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Supercommittee struggling as clock ticks

WASHINGTON -- The supercommittee is struggling.

After weeks of secret meetings, the 12-member deficit-cutting panel established under last summer's budget and debt deal appears no closer to a breakthrough than when talks began last month.

While the panel members themselves aren't doing much talking, other lawmakers, aides and lobbyists closely tracking the committee are increasingly skeptical, even pessimistic, that the panel will be able to meet its assigned goal of at least $1.2 trillion in deficit savings over the next 10 years.

The reason? A familiar deadlock over taxes and cuts to major programs like Medicare and the Medicaid health care program for the poor and disabled.

Democrats won't go for an agreement that doesn't include lots of new tax revenue; Republicans are just as ardently anti-tax.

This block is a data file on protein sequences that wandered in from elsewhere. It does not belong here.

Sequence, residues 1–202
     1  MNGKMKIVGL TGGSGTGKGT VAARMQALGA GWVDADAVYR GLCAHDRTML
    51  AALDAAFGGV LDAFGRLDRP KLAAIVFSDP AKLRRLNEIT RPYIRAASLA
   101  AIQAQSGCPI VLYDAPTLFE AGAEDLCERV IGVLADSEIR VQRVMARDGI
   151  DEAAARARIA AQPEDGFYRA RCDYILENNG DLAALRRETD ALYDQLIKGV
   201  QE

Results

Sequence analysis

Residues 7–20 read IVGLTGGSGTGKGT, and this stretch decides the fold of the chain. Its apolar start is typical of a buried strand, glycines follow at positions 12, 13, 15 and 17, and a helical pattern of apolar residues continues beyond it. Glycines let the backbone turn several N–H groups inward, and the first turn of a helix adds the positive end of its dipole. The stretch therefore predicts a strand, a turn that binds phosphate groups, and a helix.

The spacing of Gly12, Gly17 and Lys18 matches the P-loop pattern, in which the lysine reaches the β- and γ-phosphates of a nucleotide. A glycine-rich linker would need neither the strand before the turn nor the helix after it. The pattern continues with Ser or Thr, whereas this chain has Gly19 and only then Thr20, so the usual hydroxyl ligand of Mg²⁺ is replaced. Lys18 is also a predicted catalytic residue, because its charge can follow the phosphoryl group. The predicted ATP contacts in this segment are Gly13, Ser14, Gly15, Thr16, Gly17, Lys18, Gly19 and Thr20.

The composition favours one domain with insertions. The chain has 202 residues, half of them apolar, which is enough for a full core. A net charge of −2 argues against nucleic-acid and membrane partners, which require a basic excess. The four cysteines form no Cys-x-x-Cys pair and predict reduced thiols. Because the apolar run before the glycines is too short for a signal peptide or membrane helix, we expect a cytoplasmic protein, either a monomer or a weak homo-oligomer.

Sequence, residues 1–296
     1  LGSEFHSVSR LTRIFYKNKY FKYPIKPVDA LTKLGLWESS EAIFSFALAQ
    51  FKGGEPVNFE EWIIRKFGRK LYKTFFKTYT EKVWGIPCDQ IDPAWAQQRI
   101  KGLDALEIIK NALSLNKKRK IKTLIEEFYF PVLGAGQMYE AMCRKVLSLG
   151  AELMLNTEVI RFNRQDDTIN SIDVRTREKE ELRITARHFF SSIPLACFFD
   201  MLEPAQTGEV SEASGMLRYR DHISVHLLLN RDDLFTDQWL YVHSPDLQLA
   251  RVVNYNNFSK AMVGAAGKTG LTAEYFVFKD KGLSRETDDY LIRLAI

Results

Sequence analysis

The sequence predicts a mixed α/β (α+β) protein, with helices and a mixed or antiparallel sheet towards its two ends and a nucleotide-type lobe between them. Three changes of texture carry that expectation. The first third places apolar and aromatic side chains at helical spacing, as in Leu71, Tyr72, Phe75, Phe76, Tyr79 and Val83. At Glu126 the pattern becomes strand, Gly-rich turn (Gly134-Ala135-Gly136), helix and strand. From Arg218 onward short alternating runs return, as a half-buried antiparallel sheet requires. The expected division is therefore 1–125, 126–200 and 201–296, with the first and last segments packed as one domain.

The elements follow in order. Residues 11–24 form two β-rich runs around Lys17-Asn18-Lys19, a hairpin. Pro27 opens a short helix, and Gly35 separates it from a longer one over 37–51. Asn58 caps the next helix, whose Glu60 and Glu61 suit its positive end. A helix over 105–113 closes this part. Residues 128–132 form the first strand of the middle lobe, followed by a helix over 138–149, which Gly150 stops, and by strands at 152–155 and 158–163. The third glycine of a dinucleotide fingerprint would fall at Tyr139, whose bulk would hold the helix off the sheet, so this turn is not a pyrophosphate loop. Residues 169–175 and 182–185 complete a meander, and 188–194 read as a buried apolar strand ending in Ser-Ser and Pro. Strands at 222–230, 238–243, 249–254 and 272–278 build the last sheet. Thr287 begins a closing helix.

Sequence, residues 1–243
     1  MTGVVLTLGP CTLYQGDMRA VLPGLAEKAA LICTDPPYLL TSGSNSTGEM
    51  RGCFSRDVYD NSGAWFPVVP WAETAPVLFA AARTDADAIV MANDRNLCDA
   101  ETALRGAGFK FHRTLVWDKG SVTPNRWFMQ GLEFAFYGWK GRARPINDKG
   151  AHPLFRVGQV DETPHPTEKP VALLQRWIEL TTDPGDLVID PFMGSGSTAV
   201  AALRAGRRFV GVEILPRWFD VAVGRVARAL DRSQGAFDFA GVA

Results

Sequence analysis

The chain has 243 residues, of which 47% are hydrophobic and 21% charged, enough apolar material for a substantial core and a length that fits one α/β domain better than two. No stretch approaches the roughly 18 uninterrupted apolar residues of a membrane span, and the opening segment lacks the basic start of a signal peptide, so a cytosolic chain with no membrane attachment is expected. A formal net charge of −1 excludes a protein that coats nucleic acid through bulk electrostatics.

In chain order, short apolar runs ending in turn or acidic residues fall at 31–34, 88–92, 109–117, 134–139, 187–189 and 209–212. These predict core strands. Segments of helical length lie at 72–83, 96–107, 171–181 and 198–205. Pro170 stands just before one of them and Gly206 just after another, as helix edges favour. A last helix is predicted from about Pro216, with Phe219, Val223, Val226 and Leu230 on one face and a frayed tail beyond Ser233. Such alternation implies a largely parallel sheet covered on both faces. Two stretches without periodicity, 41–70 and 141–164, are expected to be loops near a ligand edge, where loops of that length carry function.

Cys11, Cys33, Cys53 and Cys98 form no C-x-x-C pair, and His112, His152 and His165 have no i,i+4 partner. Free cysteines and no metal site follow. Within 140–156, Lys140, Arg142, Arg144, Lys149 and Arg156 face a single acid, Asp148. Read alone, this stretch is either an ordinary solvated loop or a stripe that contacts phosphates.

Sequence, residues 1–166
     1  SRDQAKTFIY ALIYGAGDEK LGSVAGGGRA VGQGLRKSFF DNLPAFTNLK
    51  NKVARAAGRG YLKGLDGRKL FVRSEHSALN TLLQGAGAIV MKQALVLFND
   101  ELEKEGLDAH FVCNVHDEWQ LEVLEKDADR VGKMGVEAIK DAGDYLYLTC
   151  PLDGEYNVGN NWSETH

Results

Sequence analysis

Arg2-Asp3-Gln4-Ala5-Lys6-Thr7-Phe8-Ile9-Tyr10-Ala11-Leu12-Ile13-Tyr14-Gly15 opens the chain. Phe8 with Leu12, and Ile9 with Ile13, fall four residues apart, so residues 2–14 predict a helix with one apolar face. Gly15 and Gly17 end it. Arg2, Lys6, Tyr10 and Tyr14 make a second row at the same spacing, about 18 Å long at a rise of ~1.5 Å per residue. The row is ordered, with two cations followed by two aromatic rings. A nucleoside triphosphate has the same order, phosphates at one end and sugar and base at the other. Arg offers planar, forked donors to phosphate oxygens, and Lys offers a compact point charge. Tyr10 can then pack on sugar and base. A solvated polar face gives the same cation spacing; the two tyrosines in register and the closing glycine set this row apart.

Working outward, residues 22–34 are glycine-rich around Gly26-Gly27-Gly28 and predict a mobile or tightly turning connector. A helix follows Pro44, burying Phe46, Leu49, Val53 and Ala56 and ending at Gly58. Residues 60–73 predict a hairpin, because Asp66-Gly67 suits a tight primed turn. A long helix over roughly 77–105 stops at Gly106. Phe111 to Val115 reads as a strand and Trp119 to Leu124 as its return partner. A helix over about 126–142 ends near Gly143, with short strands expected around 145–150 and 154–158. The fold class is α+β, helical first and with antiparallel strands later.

The impasse over revenues means Democrats won't agree to cost curbs on popular entitlement programs like Medicare.

"Fairness has to be a prerequisite for it," said House Minority Leader Nancy Pelosi (D-Calif.). "We have just come through passing a bill that was [all spending] cuts, no revenue."

Pelosi was referring to the August debt limit bill, which set tight "caps" on agency budgets but didn't contain revenue increases pressed by Democrats.

Democrats are more insistent on revenues now.

"There's been no movement on revenues and I'm not sure the Democrats will agree to anything without revenues," said a Democratic lobbyist.

Asked last week whether she is confident the panel can hit its $1.2 trillion goal, co-chairwoman Sen. Patty Murray (D-Wash.) sidestepped the question.

"I am confident that the public is watching us very closely to see if we can show this country that this democracy can work," Murray told reporters. "I carry that weight on my shoulders every day and so does every member of this committee."

The two parties have equal strength on the panel, which has until Thanksgiving to come up with a plan to submit for up-or-down House and Senate votes in December. That means bipartisan compromise -- so far an elusive quality -- is a prerequisite for a successful result.

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